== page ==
Co-captain of the coalition is Sen. John B. Breaux, a Louisiana Democrat who has been meeting with Mr. Chafee since last fall, in the belief that only moderates would be able to navigate a health care reform bill through the Senate.
Their work sped up in the past week after Mr. Moynihan told Mr. Clinton that he could not get a Clinton-style bill through the Finance Committee because it required employers to buy health insurance.
Bob Packwood of Oregon, the senior Republican on the Finance Committee, said yesterday that he might be willing to support the centrist proposal. But he warned that if other Democrats on the committee insisting on taking a partisan line, he and Senate Republican leader Bob Dole of Kansas would back only a package of modest changes in the health care system when the committee debate begins Monday. That represents the GOP party-line position backed by conservatives.
Technically, the Senate does not need a bill from the Finance Committee to act on health care. A Clinton-like proposal has already been approved by the Labor and Human Resources panel. But action in the Finance Committee is considered a more accurate barometer of what kind of legislation has a chance to win full Senate approval.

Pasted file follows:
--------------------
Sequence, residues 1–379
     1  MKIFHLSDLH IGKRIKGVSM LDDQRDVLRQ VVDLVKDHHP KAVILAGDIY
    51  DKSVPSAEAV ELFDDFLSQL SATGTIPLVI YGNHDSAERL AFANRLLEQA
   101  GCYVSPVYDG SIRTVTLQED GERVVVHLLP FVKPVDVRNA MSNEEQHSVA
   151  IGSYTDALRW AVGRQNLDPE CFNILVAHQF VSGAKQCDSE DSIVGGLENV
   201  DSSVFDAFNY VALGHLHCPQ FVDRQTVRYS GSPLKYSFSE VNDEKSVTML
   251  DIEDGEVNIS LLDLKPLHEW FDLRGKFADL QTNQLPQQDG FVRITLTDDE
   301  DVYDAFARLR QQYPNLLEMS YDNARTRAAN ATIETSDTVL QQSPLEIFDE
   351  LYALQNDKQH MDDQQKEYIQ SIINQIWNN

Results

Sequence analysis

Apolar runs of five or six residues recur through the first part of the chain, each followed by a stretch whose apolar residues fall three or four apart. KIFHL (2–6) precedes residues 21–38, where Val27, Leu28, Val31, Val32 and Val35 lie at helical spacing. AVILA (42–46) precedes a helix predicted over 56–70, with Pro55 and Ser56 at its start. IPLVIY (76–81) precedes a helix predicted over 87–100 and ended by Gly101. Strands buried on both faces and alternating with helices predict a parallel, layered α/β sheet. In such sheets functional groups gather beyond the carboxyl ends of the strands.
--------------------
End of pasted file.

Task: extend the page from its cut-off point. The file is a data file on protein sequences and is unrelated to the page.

The change in atmosphere yesterday was dramatic compared with the doldrums the day before.
"I'm frankly kind of pleasantly surprised that it's all beginning thappen," said Sen. David Pryor, an Arkansas Democrat who serves on the Finance Committee and is a close friend of the president. "When this place gets ready to do something, it does it. We're not quite there yet, but we're getting close."
Mr. Chafee still struggled yesterday to win agreement from his group for imposing a heavy tax on high-cost insurance plans. The tax, also proposed by Mr. Bradley, is intended to serve two purposes: to raise money to subsidize insurance for the poor, and to help control costs by discouraging insurance companies from offering high-priced plans.
Senator Baucus complained that plan amounted to "taxing the middle class to pay for the poor."
Who would pay?
The great frustration of the health care reform debate is that while everyone agrees on Mr. Clinton's goal of guaranteed health care for all, many legislators are unwilling to take the difficult steps required to pay for it.
"It is tough, even if you get people of simpatico minds and theyou get one saying, 'Well, I just can't go along with any kind of a tax,' " Mr. Chafee said. Others, he added, say that if employees are obliged to do something, employers should be as well.
In the House, Rep. Sam M. Gibbons, a Florida Democrat who is chairman of the Ways and Means Committee, began yesterday's session by chastising members for working too slowly as they wade through their version of health care reform.
Committee Democrats and moderate Republicans then moved with dispatch, though, to block efforts by conservatives to limit abortion coverage. That battle is expected to be joined later on the House floor, where conservatives in both parties have